This simple UART-to-tape interface can save/load data from a cassette tape.
|2||100R Resistors (R3, R4)|
|7||10K Resistors (R2, R5, R6, R8, R9, R10, R11)|
|1||33K Resistor (R7)|
|1||100K Resistor (R1)|
|4||10nF Capacitors (C5, C6, C7, C8)|
|2||100nF Capacitors (C10, C11)|
|2||10K Potentiometer (RV1, RV2)|
|2||555 Timer (IC2, IC3)|
|1||FTDI RS232 – Optional (J1)|
|2||Audio Jacks (J2, J3)|
Before hard disks and floppy drives were widely used by the public, cassette tapes played a vital role in the world of information storage. In this project, we will learn how to build a simple UART-to-tape interface so you can save/load data from a simple cassette tape.
How Does the UART-to-Cassette-Tape Interface Work?To save data onto tapes, we have to turn our serial data (to/from UART) into audio signals that a tape cassette drive can record. Considering the frequency range of a tape is abysmal at best, we will have to use low-frequency audio tones. Since the circuit has been designed with simplicity in mind, we will use a one-tone system where the presence of a tone represents a 1 bit and no tone represents a 0 bit. Other tape systems use frequency key shifting where changes in frequency represent data, but that contains more complex circuitry (such as bandpass filters, etc.).
The first step for us is to record data, and this is done with a single 555 astable circuit (IC1) and a unity gain buffer (U1A). When the UART input is high, the 555’s reset pin is also high, and this results in the 555 producing a square wave that is approximately 4kHz. When the input is low, the 555’s reset is also low, and this prevents the 555 from oscillating and, thus, produces no tone. This tone is then buffered via U1A for improving output impedance, and this is then fed into a bypass capacitor to produce a tone that oscillates about 0V—instead of having a positive offset. This bypassed signal is then directly connected to the input of a cassette recorder, and, thus, when serial data is sent to this circuit, it will result in data encoded tones being recorded to a tape.
The second step is to read data that we have saved onto tapes. This is achieved with two circuits: a Schmitt trigger and a 555 monostable circuit. The Schmitt trigger is used to produce an output if there is a large signal detected from the tape (i.e., the sound of the tone that we recorded) and no output if there is no tone detected (i.e., the 0 from our data). The only problem with this is that, when there is a tone, the Schmitt trigger will turn on and off at the same rate as the incoming tone (4kHz). Therefore, we have to use a circuit that will remain on when a fast tone is detected. This is where the monostable comes in (IC3). But this is not your ordinary monostable; this monostable is a retriggerable one! The monostable has been designed to stay on for 300us when triggered, but if the 555 is retriggered during the on state, it will not restart the monostable. This is what the function of Q1 is—to discharge the capacitor C8 that is directly responsible for the monostable on time. Therefore, a repeated signal to the 555 monostable circuit (i.e., the tone) will result in a monostable that stays on until there are no further triggers. The result is an output that matches the original UART signal that was fed in.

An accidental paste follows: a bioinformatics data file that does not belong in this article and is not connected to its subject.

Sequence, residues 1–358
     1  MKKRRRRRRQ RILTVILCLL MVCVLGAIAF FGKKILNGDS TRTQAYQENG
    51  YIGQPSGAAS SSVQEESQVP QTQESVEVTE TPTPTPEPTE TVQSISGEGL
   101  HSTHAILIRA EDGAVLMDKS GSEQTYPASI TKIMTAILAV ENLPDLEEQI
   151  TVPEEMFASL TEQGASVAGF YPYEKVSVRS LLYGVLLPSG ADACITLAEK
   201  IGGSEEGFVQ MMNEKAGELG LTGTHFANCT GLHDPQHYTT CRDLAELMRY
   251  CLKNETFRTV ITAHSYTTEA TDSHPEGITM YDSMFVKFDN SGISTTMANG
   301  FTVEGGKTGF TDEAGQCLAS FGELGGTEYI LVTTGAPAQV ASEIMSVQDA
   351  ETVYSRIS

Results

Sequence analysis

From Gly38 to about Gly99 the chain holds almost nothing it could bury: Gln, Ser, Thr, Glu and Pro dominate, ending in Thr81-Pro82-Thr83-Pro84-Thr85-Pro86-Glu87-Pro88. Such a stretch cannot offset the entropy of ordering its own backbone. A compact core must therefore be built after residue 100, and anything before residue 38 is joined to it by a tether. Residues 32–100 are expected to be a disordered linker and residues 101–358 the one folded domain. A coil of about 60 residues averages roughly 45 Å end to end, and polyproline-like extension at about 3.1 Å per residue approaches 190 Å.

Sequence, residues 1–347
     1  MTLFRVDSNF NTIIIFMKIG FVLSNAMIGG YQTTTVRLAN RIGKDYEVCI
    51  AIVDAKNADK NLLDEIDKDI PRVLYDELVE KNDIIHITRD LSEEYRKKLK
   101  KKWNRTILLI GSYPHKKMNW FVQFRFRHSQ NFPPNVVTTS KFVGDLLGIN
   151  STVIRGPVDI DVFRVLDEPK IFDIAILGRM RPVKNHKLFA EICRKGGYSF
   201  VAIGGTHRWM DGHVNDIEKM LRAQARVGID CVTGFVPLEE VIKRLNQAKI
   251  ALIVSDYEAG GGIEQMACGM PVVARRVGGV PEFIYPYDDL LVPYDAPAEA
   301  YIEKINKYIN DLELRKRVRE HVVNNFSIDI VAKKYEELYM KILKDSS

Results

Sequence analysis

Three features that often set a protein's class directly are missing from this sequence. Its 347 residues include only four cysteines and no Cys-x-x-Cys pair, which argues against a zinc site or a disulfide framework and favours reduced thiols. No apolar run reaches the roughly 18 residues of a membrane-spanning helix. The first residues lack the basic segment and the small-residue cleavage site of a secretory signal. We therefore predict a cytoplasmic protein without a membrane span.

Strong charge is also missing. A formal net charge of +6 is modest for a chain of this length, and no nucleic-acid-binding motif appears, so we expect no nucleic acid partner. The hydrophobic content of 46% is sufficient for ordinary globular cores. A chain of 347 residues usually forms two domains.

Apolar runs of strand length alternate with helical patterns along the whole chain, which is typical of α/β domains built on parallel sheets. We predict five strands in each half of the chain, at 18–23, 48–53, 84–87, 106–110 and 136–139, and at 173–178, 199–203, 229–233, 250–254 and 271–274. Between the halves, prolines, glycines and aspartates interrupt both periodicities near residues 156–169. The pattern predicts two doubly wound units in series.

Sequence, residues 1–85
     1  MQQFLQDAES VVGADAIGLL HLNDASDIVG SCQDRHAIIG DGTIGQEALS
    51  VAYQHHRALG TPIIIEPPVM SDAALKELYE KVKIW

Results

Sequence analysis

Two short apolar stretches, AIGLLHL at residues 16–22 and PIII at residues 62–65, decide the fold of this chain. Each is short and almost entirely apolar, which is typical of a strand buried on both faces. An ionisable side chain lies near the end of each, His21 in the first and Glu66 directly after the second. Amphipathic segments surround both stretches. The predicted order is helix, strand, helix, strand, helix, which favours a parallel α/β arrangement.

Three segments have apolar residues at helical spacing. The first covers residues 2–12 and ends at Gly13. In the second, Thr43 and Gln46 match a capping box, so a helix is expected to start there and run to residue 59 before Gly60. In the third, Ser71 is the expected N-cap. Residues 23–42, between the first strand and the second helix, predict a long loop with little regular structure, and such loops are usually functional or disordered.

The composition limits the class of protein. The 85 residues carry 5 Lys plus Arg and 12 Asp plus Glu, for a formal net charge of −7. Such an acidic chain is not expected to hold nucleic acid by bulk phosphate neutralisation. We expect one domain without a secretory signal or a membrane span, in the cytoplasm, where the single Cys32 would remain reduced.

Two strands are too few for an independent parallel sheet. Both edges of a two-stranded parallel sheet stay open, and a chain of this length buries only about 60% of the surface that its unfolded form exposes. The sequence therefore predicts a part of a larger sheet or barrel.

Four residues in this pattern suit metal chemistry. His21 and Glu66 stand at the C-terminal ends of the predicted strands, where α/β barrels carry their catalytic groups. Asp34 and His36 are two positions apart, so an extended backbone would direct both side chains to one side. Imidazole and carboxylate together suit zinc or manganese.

The circuit works best when using a baud rate of 300 for the UART, and it is incredibly reliable. RV1 is a potentiometer that adjusts the strength of the output signal, while RV2 will adjust the triggering levels of the Schmitt trigger. RV2 is the pot to consider if you are struggling to read data back, but if correctly configured, this circuit is surprisingly accurate with almost no lost bits. The baud rate could be increased, but this would require a higher frequency tone and a faster monostable. The monostable time is slightly longer than the period of the tone to ensure that the monostable stays on between repeated triggers.